School transport cuts revealed

by Emily DUNBAR on December 2, 2011

Nearly three in four councils in England are either reviewing or have started making cuts to current school transport, as alleged by newly released figures.

The data is relative to 81 English education authorities away from London, as well as six of the biggest metropolitan boroughs in England. The data was obtained through a Freedom of Information request, which was made by CBT - the Campaign for Better Transport.

The organisation said that 38 per cent of councils are reviewing or making cuts to transport to religious schools; 46 per cent are reviewing or making cuts to transport to other schools and 51 per cent are reviewing or making cuts to post-16 transport. All in all, 72 per cent are reviewing or making cuts to one or more parts of school transport.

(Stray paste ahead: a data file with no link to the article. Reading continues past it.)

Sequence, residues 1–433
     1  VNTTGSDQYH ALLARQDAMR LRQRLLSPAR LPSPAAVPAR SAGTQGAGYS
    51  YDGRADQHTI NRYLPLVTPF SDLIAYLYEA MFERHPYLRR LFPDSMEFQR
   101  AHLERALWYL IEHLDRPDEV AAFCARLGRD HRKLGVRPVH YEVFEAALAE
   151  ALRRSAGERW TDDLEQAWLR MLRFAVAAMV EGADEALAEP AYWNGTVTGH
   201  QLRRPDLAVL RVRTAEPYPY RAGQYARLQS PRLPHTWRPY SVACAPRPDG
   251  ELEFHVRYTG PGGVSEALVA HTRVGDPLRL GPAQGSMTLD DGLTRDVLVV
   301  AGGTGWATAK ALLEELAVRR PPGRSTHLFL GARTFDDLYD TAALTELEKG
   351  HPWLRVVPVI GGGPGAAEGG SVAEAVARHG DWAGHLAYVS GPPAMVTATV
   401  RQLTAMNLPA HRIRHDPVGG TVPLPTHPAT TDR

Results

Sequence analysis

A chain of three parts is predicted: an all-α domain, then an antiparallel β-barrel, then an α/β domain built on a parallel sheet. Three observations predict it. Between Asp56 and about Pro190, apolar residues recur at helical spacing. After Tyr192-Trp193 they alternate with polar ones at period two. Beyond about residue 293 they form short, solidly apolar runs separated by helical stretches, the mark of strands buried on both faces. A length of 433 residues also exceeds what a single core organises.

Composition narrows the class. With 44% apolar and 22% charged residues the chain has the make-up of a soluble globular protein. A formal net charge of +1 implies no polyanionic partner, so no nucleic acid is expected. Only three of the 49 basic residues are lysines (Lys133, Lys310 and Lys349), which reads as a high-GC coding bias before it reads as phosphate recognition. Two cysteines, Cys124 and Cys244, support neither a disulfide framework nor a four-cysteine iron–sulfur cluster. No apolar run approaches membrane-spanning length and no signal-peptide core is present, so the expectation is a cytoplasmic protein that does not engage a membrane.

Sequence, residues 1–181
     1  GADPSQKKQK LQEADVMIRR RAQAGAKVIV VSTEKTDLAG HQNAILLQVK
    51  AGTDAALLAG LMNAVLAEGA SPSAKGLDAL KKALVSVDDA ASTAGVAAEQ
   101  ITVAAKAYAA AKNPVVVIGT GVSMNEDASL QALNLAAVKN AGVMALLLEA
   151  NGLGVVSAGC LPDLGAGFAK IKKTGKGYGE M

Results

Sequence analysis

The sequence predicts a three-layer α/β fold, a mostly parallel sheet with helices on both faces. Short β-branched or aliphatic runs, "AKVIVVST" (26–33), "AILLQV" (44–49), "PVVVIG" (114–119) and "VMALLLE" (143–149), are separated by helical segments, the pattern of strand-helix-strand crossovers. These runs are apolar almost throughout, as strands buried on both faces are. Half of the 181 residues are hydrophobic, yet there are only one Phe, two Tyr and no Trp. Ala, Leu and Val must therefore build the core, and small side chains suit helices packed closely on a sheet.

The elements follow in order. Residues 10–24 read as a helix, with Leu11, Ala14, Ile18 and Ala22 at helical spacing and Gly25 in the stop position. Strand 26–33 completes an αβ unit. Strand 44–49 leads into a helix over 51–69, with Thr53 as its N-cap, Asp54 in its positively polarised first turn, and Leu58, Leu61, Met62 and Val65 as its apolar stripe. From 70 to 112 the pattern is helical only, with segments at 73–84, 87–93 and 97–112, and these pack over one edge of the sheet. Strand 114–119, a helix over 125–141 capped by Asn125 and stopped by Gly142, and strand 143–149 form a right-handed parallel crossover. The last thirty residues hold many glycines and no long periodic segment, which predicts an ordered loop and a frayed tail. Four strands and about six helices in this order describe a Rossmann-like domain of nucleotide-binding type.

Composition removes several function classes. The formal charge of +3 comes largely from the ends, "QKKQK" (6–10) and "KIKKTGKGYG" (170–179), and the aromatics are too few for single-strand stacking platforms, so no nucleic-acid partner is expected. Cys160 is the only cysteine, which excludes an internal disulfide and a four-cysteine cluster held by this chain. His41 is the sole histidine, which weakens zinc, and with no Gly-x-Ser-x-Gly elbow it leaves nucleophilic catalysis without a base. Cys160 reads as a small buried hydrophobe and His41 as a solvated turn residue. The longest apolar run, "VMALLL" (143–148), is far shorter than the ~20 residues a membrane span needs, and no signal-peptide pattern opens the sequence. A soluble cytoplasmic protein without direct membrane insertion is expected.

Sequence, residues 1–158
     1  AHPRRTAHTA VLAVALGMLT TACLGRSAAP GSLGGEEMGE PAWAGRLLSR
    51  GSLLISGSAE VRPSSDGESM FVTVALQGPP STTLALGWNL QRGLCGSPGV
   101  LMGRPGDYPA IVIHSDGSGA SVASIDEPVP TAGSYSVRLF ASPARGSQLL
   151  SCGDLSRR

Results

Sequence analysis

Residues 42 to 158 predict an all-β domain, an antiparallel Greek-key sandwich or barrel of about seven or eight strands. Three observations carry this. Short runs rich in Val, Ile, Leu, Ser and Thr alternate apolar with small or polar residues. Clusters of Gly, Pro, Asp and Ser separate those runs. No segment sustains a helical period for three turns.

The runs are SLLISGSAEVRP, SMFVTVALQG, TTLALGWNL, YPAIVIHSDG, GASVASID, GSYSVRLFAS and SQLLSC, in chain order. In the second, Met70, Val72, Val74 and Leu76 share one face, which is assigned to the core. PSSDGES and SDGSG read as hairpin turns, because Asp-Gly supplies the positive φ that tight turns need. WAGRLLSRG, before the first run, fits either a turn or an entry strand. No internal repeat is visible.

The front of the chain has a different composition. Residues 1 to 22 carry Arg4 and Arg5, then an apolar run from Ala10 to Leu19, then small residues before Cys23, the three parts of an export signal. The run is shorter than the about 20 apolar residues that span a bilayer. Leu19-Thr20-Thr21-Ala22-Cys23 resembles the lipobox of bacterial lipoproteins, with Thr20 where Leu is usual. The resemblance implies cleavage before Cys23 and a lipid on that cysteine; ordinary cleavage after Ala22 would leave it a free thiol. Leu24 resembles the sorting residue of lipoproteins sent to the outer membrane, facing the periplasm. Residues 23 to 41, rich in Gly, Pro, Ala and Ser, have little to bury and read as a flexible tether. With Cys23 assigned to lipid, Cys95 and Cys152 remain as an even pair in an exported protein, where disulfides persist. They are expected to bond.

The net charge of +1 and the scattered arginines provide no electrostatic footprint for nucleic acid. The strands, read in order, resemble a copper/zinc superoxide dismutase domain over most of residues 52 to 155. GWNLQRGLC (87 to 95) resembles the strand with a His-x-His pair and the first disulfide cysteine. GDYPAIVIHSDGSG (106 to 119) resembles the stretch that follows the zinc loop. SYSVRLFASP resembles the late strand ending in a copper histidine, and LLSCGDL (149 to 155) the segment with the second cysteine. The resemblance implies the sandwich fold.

According to the CBT, councils are obliged to put free school transport on for pupils aged between five and 16 in the event that their local school is over three miles away. If a student is under eight years old, they need only live two miles away from their school in order to receive free public transport.

Sophie Allen, the CBT’s bus campaigner, commented that school buses are vital if pollution and congestion are to be reduced - especially at peak times. She added that, in some parts of the country, parents might have to walk three miles in each direction, twice daily, just to make sure their children can get to and from school safely.

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